It said the Hayden Center accepted its first three non-VA patients on July 11. VA officials say the decision to open space to non-veterans came in response to a request from the Federal Emergency Management Agency and the state in the face of surging cases. The Phoenix VA said it has also dispatched nurses and supplies to Kayenta, Tuba City and other parts of the Navajo Nation.

“We made the decision to open these beds because we’re confident in our ability to continue our primary mission of caring for our nation’s Veterans,” said a statement from Dr. Alyshia Smith, director of the Phoenix VA Health Care System.

Guadalupe offers three days of free testing

The town of Guadalupe launched a COVID-19 Response Team in June 19 to aggressively push practices to contain the spread of the disease, including face coverings, testing, distancing and hygiene in response to alarmingly high infection rates in town. As part of that effort, the town is offering free testing to community members this weekend.

The town has scheduled free COVID-19 testing to residents from 7 a.m. to 3 p.m. Thursday and Friday and from 7 a.m. to noon on Saturday at the town hall. No pre-registration is needed, residents can just walk up and register.

Coronavirus cancels 2020 Tucson Comic-Con

Even super heroes are not immune to the threat of COVID-19: Organizers of the Tucson Comic-Con posted a note on their Facebook page earlier this month that said the event would be canceled this year, reported this week.

The notice referred to the spike in cases that made Arizona a COVID-19 hot spot as one of the reasons for the cancellation. “People really look forward to it, but we want to make sure the people who go are safe,” convention creator Mike Olivares said. “We were taking the health of the community into consideration.”

Olivares said organizers had talked about the possibility of the coronavirus affecting the convention as early as January, but it was still a largely isolated disease and Olivares said at the time he “didn’t see the convention not happening. If coronavirus happened here, I thought things would probably be under control by November.”

It is one of several large-scale Tucson events that have been forced to cancel or scale back. The All Souls Procession scheduled for November canceled all in-person activities earlier this month, opting for online workshops and a streaming “burning of the urn.” Film Fest Tucson, the Tucson Celtic Festival and Scottish Highland Games, and the Dusk Music Festival have also announced cancellations, reported.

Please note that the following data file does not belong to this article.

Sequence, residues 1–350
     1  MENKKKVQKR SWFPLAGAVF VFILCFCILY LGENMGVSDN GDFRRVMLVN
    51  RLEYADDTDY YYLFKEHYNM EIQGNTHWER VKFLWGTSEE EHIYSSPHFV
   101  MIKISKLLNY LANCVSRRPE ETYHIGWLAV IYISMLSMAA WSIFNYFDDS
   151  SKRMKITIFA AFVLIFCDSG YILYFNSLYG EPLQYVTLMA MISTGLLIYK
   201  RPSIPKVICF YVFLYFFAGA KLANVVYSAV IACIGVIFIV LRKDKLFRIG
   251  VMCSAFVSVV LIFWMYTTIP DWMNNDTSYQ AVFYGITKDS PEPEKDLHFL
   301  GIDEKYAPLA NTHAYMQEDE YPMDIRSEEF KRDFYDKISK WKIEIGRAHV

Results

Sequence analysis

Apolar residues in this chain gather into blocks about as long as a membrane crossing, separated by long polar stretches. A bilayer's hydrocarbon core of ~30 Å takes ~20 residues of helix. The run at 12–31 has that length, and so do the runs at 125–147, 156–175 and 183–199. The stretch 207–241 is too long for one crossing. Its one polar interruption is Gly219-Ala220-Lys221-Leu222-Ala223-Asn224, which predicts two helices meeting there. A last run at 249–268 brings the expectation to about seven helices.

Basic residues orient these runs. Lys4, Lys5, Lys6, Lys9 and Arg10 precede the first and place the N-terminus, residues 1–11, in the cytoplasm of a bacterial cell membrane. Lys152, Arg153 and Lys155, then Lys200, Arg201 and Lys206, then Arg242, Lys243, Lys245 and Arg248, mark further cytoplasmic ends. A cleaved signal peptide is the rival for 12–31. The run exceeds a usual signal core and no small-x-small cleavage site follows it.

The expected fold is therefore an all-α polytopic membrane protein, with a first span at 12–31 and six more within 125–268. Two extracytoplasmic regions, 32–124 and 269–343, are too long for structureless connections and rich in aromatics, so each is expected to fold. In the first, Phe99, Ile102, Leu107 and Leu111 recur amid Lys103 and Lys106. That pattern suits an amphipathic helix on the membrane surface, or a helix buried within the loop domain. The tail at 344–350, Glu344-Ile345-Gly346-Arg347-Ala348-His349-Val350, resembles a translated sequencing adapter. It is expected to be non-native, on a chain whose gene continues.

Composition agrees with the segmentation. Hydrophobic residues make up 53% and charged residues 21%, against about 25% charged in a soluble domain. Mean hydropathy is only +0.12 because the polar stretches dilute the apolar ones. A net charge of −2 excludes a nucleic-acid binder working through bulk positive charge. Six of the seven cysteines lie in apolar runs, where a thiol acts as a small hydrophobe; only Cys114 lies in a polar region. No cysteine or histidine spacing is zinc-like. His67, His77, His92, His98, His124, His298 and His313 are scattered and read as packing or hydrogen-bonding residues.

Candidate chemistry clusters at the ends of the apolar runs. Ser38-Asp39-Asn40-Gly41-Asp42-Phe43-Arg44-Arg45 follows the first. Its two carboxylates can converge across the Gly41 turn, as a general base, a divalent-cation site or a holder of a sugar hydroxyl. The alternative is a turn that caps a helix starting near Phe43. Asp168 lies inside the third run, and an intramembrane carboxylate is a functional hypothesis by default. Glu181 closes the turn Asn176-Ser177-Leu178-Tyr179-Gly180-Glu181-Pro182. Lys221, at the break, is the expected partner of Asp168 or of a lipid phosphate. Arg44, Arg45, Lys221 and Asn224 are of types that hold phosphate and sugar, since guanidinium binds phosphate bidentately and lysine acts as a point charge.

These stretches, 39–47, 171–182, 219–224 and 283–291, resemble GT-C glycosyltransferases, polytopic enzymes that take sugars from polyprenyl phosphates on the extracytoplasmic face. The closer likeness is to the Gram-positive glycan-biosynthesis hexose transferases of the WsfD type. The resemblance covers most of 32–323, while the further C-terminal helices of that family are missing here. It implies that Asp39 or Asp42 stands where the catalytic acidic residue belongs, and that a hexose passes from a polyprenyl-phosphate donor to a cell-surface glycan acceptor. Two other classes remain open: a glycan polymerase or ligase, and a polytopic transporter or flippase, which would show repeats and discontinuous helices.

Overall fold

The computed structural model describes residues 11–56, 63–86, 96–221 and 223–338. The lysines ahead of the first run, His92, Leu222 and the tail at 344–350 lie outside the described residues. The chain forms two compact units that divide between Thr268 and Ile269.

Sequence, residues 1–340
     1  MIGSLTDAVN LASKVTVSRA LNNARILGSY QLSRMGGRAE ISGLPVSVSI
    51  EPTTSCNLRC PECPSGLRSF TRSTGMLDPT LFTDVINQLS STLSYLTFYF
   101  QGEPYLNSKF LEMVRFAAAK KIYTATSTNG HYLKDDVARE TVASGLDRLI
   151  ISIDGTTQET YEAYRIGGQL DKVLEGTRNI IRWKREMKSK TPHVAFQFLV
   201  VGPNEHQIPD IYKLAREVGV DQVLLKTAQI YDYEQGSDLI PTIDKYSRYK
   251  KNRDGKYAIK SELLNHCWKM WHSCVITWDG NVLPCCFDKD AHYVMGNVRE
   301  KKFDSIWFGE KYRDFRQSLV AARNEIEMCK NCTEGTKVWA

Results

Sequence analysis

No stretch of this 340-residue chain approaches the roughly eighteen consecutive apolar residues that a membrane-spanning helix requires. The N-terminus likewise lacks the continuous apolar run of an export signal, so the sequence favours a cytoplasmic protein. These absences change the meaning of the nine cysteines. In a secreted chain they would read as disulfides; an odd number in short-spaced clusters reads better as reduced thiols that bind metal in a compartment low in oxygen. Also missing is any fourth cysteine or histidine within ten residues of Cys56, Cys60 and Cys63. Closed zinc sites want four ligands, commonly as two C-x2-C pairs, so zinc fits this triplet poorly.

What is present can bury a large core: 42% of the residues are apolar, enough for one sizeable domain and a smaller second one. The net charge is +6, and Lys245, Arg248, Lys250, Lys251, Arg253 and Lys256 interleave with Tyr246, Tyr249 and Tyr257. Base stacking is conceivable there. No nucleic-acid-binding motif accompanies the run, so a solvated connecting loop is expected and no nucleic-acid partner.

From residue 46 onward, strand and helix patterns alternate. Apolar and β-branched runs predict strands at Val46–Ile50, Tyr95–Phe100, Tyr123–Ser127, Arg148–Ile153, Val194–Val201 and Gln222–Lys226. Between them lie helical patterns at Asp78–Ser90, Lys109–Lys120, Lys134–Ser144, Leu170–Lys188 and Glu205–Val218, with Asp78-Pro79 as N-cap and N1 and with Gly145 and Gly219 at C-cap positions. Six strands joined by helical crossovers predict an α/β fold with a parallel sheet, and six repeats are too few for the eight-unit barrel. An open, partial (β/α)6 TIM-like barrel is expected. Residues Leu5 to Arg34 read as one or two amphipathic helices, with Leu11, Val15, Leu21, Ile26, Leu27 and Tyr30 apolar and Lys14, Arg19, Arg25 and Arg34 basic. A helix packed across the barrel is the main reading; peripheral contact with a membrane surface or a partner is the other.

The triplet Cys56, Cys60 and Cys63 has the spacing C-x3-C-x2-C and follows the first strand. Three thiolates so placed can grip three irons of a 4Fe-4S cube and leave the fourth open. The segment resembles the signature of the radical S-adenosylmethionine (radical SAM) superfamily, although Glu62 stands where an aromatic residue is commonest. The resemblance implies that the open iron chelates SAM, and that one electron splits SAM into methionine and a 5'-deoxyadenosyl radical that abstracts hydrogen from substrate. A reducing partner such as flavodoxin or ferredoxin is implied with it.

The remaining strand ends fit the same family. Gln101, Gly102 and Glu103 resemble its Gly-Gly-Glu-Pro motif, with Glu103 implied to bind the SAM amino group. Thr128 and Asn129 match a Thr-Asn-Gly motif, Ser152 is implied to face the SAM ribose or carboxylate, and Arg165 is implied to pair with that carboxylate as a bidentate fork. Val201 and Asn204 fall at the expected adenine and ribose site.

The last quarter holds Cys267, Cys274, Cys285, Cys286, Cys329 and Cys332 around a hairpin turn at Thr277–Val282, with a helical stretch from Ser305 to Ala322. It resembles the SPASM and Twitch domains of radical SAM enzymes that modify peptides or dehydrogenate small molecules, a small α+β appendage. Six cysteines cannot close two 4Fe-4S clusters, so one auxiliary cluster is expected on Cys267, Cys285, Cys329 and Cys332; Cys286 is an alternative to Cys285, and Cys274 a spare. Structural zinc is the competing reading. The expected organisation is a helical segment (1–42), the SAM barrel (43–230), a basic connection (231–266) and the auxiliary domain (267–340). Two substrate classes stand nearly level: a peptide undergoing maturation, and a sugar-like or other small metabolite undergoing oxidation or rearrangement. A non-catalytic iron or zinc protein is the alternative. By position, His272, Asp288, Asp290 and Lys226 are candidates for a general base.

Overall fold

Navajo successes held up as model for others

The deputy secretary of the New Mexico Indian Affairs Department said the Navajo Nation’s gains against the pandemic should make it a case study for other governments to follow, according to a report by KOAT.

“They’ve just been a really strong model of self governance and really what it looks like to be a sovereign government during this time,” said Nadine Padilla, the deputy secretary.

Her comments came as Navajo leaders announced that cases were on a downward trend after months of being in the triple digits.

The nation once had the highest infection rate in the country, but now the nation is reporting some of the lowest numbers since the pandemic hit with only 24 new cases on Monday, and 25 the day before.

Navajo President Jonathan Nez said the tribal government did not do anything special, it just listened to health professionals, listened to the data and listened to the community. That led to decisions early on that included a mask mandate in April, regular weekend lockdowns and nightly curfews.

“The Navajo people should be commended for abiding by the public health orders,” Nez said. “We brought these professionals together, round table discussions, and we listened, and we incorporated those recommendations into public health orders.”

Nez said this week that the tribe is considering plans to begin reopening government, possibly as early as next week, but has not made a decision yet.

Tucson Mayor hosts mask giveaway

Tucson Mayor Regina Romero and Council Member Paul Durham will host a free COVID-19 mask giveaway from 7 to 10 a.m. Saturday at the Donna Liggins Recreation Center.

The event will have drive-thru lanes for cars and bicycles, as well as a line for pedestrians. Romero and Durham will also visit Tucson House, a public housing complex, to give face masks to residents there, according to a release from the mayor’s office.

News Reporter, Phoenix

Brian Cano Sr. is a Phoenix native who plans to graduate in May 2021 with a bachelor’s degree in journalism and mass communication.